Innovation Briefs Vol. 20, No 15 "A Tendentious Report Has the Transportation Community Up in Arms"

Article details the reasoning behind AASHTO's, one of the original sponsors of the Moving Cooler Report, withdrawal of support.
Author: C. Kenneth Orski

While the nation at large and the political community are consumed by the current debate about health care, another controversy is being played out on a smaller stage but with no less intensity. The object of the controversy is a recently released report entitled "Moving Cooler". The report, unveiled with great fanfare on July 28 before a large gathering of the Washington environmental community, purports to estimate the potential reductions in greenhouse gas (GHG) emissions that can be achieved from surface transportation. The report's authors conclude that a combination of strategies and policy actions involving changes in vehicle and transportation system operations, travel behavior, land use patterns and level of transit service could reduce annual GHG emissions by up to 24 percent from the expected baseline levels in 2050. The authors further maintain that with "strong economy-wide pricing measures" (read, VMT fees and PAYD insurance), annual GHG emissions could be reduced by up to 47 percent.

The report was commissioned by a group of sponsors and written by a well-known transportation consulting firm, Cambridge Systematics. Sponsors included two environmental advocacy groups (Environmental Defense Fund and Natural Resources Defense Council), several foundations, the American Public Transportation Association, the Urban Land Institute, ITS America, Shell Oil Company and three government agencies--Federal Highway Administration, Federal Transit Administration and U.S. Environmental Protection Agency. The American Association of State Highway and Transportation Officials (AASHTO), one of the original sponsors, withdrew its support after concluding that the study "did not produce results upon which decision-makers can rely." Specifically, AASHTO expressed concern that decision-makers could be led to rely on the study's conclusions "without understanding the drastic steps that would have to be taken" to achieve the promised reductions.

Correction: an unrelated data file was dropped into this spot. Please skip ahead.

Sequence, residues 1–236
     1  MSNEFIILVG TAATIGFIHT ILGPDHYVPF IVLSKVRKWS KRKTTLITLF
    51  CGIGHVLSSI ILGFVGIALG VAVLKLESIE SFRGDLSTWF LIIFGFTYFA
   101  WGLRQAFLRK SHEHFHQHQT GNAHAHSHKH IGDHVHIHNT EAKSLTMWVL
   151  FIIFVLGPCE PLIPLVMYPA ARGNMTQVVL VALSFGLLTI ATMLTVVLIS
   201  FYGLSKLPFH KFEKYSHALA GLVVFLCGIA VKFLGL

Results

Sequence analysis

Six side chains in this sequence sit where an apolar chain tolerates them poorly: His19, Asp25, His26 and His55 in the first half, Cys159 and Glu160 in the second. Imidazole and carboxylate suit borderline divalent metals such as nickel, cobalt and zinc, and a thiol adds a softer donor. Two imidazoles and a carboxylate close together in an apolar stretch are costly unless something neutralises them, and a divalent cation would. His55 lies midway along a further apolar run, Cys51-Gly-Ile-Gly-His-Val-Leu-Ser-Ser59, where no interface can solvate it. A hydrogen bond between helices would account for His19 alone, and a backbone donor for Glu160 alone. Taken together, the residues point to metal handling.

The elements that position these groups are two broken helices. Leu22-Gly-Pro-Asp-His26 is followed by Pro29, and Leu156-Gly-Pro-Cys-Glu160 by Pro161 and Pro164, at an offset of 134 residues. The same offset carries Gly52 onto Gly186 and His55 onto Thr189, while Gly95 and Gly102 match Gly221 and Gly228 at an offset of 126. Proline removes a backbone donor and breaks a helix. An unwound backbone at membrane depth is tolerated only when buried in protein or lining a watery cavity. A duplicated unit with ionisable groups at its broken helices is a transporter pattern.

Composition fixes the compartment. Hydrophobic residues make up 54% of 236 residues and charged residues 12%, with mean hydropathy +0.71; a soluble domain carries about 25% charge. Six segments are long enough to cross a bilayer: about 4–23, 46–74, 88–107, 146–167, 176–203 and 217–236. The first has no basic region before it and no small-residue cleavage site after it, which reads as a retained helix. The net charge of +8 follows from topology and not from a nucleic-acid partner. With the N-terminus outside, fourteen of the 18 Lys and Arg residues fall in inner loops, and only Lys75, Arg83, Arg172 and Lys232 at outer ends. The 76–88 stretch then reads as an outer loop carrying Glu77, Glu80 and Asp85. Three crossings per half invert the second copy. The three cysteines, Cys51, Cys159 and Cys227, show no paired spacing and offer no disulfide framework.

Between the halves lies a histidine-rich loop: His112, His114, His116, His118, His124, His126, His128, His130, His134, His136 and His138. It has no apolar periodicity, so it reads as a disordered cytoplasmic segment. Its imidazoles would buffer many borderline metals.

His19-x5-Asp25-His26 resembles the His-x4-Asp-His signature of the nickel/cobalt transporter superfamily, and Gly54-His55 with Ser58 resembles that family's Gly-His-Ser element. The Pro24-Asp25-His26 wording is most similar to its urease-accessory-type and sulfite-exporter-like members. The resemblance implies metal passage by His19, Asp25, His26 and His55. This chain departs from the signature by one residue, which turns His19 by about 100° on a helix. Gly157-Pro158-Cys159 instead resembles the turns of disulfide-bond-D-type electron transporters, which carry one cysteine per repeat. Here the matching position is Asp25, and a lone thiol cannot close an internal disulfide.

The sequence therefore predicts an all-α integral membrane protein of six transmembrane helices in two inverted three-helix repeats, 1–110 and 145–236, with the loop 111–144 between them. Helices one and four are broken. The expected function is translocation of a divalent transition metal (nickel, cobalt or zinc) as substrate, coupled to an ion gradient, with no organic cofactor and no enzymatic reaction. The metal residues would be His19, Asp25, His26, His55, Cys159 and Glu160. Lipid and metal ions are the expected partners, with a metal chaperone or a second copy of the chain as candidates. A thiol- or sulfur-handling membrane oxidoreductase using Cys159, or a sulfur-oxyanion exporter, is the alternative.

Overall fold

At an August 13 meeting convened by AASHTO to discuss the report, many of the study assumptions were described as "extreme, unrealistic and in some cases downright impossible." A list of 37 specific issues challenging the report's methodology and requiring clarification was presented by a team of researchers that analyzed the study. Transportation professionals reached after the meeting were equally blunt. "This is an advocacy document pure and simple, couched in the form of a pseudo scientific analysis," one state DOT official told us. Other transportation professionals, speaking on background, criticized the study as "not meeting scientific standards," "using implausible assumptions," "failing to adequately disclose key analytical assumptions," "lacking in objectivity," " a deeply flawed analysis," and "following a questionable peer review process."